In 1996, Elyse Leeds Acanda, BA English ’94, continued a life of fitness–which included cheerleading throughout high school and college–by immersing herself in the practice of yoga. She took classes with a variety of qualified yoga teachers, practiced multiple styles of yoga, and even trained in locations from Arlington, Virginia, to Miami.
But even she couldn’t envision the different possibilities yoga would open up for her.
“In 2002, I took a workshop in Arizona with [yoga instructor] Seane Corne, and she was really amazing,” Acanda says. “Eventually, she started the organization, ‘Off the Mat, Into the World,’ and when it got started, I signed up for the very first challenge the organization did in 2008.”
Off the Mat, Into the World  uses yoga as a positive means to raise money for causes all over the world, akin to pledging money for marathon runners. In 2008, Acanda raised $6,000 for the Cambodian Children’s Fund, a nonprofit organization that aims to provide education, health services, and food to children in Cambodia. She recently traveled to India, a big step in her involvement with the country: in December of 2012, she completed a yearlong challenge in which she raised $22,000 for victims of sex trafficking there.
If it sounds like Acanda is pursuing her personal passions, she is, alongside her ”day job” as vice president of business development for the talent management software company, Technomedia. Equipped with her yoga teaching certification and an MBA in international management from the Thunderbird School of Global Management, she explained that causes involving children made her get out of bed each morning (Acanda is married and has a son and a daughter). She decided that there was room for dual interests in her life.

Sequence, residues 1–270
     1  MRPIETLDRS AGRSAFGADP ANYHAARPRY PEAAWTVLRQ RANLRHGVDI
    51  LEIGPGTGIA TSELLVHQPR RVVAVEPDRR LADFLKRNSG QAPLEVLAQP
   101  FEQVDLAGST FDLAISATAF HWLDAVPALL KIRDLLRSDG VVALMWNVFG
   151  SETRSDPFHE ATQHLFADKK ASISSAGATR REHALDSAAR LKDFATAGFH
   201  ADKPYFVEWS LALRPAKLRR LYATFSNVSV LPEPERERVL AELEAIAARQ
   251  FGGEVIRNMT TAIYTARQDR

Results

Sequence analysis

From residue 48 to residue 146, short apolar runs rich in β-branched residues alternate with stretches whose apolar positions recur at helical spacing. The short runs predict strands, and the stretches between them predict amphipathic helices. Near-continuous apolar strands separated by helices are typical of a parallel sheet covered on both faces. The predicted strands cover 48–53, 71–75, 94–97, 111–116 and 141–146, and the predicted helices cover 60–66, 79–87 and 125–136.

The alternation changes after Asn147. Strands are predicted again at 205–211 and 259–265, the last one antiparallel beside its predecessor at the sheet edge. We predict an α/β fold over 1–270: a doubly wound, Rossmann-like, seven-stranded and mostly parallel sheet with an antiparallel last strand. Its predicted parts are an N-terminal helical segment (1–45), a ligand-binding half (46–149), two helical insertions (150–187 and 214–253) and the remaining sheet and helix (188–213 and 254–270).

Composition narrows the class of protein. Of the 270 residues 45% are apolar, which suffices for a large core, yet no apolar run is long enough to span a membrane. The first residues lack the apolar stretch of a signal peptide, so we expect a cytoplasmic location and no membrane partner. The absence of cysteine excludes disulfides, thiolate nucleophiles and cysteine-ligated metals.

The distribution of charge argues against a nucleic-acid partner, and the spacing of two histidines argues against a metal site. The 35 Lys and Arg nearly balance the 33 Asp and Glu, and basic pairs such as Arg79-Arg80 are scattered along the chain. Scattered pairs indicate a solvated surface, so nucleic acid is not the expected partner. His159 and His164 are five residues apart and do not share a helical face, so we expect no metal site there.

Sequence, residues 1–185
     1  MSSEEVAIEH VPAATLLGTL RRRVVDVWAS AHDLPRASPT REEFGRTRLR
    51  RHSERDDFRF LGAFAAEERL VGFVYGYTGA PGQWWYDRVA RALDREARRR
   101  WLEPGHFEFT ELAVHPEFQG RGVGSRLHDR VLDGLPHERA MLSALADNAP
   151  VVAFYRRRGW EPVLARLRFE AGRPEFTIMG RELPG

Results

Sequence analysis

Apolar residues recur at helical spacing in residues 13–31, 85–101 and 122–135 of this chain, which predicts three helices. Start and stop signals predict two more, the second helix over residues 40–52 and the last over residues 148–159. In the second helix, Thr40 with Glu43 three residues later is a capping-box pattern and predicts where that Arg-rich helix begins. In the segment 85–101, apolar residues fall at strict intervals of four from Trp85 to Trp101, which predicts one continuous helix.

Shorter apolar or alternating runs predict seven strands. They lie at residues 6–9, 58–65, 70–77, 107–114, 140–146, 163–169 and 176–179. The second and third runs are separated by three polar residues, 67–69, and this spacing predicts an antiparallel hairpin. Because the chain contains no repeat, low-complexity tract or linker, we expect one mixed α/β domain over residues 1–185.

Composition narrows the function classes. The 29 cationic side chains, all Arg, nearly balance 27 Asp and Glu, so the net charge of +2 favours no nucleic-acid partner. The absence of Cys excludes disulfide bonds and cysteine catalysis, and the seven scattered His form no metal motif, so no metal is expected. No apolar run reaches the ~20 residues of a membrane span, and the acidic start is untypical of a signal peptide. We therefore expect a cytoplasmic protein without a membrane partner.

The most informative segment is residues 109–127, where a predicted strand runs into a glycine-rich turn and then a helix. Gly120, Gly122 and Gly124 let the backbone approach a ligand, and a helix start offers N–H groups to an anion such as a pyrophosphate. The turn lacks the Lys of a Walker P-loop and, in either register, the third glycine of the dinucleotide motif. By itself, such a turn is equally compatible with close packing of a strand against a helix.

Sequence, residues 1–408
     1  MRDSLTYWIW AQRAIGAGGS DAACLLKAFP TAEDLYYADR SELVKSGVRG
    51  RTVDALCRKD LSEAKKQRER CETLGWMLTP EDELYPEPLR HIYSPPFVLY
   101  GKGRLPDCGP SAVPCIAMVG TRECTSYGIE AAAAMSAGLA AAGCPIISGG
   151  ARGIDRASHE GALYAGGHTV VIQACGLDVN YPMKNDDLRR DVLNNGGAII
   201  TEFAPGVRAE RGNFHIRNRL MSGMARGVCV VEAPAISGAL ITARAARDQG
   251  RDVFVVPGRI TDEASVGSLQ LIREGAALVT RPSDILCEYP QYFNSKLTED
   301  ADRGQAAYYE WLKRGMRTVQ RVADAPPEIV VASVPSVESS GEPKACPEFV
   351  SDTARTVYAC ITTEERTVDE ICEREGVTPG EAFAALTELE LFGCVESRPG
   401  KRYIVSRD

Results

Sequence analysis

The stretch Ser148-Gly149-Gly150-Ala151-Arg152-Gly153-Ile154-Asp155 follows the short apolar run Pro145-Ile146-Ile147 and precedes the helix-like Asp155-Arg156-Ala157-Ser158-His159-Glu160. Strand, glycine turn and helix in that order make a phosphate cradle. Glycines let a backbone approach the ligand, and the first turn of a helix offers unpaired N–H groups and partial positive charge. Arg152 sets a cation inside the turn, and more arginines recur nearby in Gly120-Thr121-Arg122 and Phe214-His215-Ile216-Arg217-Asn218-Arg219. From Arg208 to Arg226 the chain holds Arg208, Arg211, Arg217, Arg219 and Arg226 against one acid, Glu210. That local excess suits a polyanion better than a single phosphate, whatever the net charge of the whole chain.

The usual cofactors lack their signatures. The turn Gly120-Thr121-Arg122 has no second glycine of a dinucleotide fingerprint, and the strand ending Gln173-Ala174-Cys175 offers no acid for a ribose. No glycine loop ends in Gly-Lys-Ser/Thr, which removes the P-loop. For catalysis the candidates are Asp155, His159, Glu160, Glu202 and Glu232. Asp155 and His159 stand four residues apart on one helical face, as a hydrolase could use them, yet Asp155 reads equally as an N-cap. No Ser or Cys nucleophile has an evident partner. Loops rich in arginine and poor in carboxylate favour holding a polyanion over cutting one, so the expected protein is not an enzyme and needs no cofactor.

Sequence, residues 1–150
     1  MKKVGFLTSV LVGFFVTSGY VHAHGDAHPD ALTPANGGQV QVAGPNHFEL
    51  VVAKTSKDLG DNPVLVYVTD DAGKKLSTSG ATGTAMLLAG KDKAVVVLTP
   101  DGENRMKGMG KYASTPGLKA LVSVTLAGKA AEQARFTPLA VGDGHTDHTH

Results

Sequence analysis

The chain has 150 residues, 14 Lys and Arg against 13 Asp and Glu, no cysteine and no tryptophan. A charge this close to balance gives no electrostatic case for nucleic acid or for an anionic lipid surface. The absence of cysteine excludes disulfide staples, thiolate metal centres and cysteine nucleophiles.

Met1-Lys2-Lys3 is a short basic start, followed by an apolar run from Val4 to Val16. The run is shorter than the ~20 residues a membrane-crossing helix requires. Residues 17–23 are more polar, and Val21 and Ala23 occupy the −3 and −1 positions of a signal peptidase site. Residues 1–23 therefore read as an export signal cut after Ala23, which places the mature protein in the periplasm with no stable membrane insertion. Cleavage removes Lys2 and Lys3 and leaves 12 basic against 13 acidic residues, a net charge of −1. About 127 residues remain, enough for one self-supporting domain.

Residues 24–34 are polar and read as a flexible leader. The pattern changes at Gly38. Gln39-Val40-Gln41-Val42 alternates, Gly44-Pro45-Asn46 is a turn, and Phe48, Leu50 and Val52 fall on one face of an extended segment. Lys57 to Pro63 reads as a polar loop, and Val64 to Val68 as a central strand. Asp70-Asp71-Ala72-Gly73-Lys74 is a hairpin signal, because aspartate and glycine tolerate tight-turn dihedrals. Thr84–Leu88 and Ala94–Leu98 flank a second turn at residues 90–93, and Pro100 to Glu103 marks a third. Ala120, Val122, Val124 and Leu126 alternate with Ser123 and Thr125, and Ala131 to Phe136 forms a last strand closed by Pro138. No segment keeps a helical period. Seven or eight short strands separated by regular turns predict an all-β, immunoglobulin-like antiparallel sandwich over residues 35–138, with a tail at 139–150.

“I wanted to participate because the charity work involved children, and that compelled me, as a new mother,” Acanda says. “It’s really difficult for me to wrap my mind around the fact that some kids are born into unfavorable circumstances. This really changed something in me, so now when I hear about children suffering, it’s really hard for me to do nothing.”
Acanda finds the time dedicated to her passions well worth the effort.
“A lot of times, we as humans get complacent because we have so much, and we end up complaining about things that are not huge problems,” she says. “We should be happy with what we have, and we should also use our extra energy to do something positive for other people.”
This article appeared in a slightly different form on the College of Humanities and Social Sciences website.